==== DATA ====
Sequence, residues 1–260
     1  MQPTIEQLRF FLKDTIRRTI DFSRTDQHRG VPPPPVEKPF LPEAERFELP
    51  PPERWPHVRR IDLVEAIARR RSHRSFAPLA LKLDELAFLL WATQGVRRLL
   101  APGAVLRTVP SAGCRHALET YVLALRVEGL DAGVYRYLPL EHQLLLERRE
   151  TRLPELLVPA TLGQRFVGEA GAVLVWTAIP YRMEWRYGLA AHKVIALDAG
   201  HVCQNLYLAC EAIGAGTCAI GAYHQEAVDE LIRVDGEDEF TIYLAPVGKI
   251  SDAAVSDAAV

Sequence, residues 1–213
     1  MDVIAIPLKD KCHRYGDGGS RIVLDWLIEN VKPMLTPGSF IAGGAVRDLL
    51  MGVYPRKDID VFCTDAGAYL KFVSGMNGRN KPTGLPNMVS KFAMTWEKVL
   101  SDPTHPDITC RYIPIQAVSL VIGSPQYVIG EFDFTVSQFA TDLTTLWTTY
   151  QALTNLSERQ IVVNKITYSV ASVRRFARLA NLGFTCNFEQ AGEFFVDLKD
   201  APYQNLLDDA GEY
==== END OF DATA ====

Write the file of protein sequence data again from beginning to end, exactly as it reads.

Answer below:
Sequence, residues 1–260
     1  MQPTIEQLRF FLKDTIRRTI DFSRTDQHRG VPPPPVEKPF LPEAERFELP
    51  PPERWPHVRR IDLVEAIARR RSHRSFAPLA LKLDELAFLL WATQGVRRLL
   101  APGAVLRTVP SAGCRHALET YVLALRVEGL DAGVYRYLPL EHQLLLERRE
   151  TRLPELLVPA TLGQRFVGEA GAVLVWTAIP YRMEWRYGLA AHKVIALDAG
   201  HVCQNLYLAC EAIGAGTCAI GAYHQEAVDE LIRVDGEDEF TIYLAPVGKI
   251  SDAAVSDAAV

Sequence, residues 1–213
     1  MDVIAIPLKD KCHRYGDGGS RIVLDWLIEN VKPMLTPGSF IAGGAVRDLL
    51  MGVYPRKDID VFCTDAGAYL KFVSGMNGRN KPTGLPNMVS KFAMTWEKVL
   101  SDPTHPDITC RYIPIQAVSL VIGSPQYVIG EFDFTVSQFA TDLTTLWTTY
   151  QALTNLSERQ IVVNKITYSV ASVRRFARLA NLGFTCNFEQ AGEFFVDLKD
   201  APYQNLLDDA GEY